Yeah it’s getting there. It’s getting a lot better in the last couple of years. Where we’re at now it’s about that 90s thing, even for people who don’t even know about the 90s. You've got 16 and 17 year olds who weren’t there and they’re doing this 90s thing and it’s cool but you need the authentic thing.
I suppose it just shows how influential the whole vibe of that era was.
Listen, there’s nothing like that era. If you could get that back, like musically, and even just the value of the music, of people appreciating it, it would be crazy. Don’t forget 90s was like all requests, you’d have to ring up. You’d have to wait for your record, you couldn't just go on Youtube and wear it out. You appreciate it more. You’d have to wait for the 3 digit number and wait for the track. The anticipation was crazy. It was just a more genuine buzz, the vibe was more exciting. Making music is too easy now. You’ve got rappers that didn’t like music that sing now. It’s just crazy, so you know.
You were recently on stage performing your new track with Rich Homie Quan at Wireless Festival. It was a big ting, so how did that come about?
So the Rich thing came about through my A&R in LA through Motown Records. He knows everyone, more than just being an A&R guy, he’s an amazing songwriter, he's written loads of songs. But he just gets me and he gets the whole vibe and he thought you know what, we’re gonna do this. He was like this is gonna be a big record, let’s get him on there. Rich heard it, he liked it, he hit up the vocals straight away.
So obviously this deal that you’ve signed with Motown in the US, would you say that is helping you now get into America by using the correct people and the correct avenues to get yourself out there?
Yeah, to a certain extent, cos don’t forget loads of people go to America now but the music still has to do the talking cos I don’t want it to be like big labels behind it making it work. The music has to speak for itself. The label’s just the cherry on top, they’re able to connect certain dots that you can’t. I am in a better place now but I just feel like the label’s half of it. You know what I’m saying. It’s a blessing, I appreciate it, I grew up listening to Motown. Even every day I wake up like ‘wow, Motown’. It’s not like it’s worn off or nothing, just the music has to speak for itself.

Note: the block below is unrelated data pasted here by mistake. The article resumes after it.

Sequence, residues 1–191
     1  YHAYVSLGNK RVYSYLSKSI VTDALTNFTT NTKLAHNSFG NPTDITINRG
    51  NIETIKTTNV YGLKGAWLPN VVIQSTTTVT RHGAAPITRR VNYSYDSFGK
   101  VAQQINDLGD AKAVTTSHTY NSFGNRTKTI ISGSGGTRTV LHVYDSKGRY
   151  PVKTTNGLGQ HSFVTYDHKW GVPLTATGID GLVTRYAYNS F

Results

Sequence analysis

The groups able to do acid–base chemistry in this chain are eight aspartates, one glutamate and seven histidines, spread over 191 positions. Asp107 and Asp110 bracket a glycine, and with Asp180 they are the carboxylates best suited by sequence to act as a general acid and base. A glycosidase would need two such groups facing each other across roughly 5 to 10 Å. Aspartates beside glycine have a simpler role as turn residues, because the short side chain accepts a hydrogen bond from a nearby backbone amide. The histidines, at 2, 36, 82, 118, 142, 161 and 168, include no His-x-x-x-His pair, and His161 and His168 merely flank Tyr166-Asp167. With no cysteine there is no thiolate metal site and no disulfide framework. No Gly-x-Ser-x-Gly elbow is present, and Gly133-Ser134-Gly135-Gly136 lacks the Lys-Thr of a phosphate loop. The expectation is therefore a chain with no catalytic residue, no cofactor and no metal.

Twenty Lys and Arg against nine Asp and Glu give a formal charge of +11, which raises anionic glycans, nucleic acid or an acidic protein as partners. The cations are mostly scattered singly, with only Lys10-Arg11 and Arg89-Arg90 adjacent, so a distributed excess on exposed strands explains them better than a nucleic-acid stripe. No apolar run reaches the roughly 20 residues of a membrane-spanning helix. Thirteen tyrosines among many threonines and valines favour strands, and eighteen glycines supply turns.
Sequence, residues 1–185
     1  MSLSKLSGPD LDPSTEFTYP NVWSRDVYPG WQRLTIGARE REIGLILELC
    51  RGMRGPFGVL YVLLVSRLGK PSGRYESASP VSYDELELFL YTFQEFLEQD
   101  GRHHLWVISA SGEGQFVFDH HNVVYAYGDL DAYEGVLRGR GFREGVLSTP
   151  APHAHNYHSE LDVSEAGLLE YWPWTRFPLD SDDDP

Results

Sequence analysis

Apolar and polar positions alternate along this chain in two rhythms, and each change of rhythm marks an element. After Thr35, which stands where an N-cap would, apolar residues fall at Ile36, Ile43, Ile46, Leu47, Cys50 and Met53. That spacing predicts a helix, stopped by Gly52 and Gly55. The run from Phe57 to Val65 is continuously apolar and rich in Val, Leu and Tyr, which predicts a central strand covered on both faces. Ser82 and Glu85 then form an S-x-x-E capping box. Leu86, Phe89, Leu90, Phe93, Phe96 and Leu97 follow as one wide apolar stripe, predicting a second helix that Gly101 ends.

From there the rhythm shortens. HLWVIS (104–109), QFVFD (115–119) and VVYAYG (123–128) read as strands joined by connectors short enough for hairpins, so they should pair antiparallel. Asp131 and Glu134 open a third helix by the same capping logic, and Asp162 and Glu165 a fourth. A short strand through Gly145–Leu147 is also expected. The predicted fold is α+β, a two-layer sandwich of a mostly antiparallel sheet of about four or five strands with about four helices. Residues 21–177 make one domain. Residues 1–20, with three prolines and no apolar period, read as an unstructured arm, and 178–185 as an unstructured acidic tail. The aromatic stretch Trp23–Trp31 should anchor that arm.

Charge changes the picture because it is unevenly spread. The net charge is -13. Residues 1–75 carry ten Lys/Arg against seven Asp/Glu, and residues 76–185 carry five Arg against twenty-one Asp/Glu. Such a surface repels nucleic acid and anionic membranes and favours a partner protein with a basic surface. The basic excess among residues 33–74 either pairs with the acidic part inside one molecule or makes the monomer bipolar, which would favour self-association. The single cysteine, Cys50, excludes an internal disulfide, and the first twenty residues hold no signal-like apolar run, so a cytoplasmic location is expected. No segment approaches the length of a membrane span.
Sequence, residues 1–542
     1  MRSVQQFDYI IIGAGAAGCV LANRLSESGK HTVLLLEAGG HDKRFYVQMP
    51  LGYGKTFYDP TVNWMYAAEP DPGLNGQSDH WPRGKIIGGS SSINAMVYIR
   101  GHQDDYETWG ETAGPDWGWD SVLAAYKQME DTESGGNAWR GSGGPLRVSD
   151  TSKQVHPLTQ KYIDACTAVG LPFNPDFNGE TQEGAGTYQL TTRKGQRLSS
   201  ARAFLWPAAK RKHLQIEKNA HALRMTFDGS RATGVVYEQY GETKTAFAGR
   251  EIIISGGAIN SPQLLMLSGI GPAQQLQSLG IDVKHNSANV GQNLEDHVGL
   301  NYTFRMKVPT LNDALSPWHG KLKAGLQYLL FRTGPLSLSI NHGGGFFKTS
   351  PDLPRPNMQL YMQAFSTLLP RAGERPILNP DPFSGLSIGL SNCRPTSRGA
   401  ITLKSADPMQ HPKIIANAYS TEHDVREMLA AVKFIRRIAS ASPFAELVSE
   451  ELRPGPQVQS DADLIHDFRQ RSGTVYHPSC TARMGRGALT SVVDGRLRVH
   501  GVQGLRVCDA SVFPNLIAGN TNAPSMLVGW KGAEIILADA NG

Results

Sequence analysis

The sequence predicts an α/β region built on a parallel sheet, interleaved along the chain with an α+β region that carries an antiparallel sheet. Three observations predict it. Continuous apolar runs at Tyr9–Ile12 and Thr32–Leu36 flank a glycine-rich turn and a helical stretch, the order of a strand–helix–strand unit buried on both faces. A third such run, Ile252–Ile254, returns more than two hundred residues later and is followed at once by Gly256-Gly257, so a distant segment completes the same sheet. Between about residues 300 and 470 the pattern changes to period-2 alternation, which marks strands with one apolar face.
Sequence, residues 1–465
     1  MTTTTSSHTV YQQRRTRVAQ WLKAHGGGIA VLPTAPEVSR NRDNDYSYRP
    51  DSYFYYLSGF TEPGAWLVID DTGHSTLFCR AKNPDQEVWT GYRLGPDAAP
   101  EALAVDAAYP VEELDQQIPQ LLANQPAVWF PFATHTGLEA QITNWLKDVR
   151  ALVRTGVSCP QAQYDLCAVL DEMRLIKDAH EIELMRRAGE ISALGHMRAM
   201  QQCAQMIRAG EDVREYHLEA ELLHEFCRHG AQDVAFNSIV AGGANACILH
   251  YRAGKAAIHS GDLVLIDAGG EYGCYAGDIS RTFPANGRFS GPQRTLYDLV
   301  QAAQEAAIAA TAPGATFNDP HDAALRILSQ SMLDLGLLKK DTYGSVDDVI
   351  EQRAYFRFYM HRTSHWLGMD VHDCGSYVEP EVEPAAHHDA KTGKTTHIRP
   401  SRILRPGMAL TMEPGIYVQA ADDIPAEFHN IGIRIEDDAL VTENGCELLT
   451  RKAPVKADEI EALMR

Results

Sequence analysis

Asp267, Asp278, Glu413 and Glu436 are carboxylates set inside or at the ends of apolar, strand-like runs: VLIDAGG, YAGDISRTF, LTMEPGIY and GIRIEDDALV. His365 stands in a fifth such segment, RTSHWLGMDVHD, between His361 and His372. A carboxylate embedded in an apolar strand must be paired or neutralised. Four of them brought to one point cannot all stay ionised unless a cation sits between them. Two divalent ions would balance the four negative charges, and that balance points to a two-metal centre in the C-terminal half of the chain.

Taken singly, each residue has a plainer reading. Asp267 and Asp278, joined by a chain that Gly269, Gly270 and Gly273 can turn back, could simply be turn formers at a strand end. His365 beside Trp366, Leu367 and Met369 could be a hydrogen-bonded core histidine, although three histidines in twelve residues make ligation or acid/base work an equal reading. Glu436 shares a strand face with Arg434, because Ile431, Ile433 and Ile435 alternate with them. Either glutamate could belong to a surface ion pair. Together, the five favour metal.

You’re putting the work in right now. So just changing up the vibe a bit, there’s obviously a wealth of talent which is coming out of the UK and I suppose this has been very encouraging for the new generation of kids that wanna get into music, but we all know that it’s quite hard to get into music. What advice would you give these youths out there?
It’s easy really. Once you get over a certain age, it’s about common sense. Obviously you have to make sacrifices if that’s something you really want to do. Knowing that’s what you want to do and actually having the vision for it. Don’t quit and have faith. London is tough. In terms of getting where you want to be in life, you just have to have faith. It’s not going to be a smooth run so if you’re not able to man up and shrug off them kind of things, you might not be fit for it. The sacrifice you have to make for the music is everything.
What was the point where you realised you had to make that sacrifice and buck up your ideas and go for it?
I’ve been doing this for sixteen years now but that time really came In 2009. I really came up, just got out of jail and it was a rocky road and it was so crazy a couple years before that. And I thought you know what, I’ve gone in there, got out and clearly got out for a reason and I really need just to decide what road I’m going down. Cos it is easy to get drawn out. Don’t forget you’ve got friends that are not doing the same line of work as you, but they’re my friends, you know? So even though it’s two different worlds, it came up that I just had to choose to leave the friend thing for a little bit. I left London for a little bit and went over to Denmark, Sweden and those sort of places for six months. Cleared up my head, refined my sound and just knowing what I wanted to do and before you knew it, I got back and about two weeks later, Universal gave me a publishing deal and about six weeks after that I got my record deal.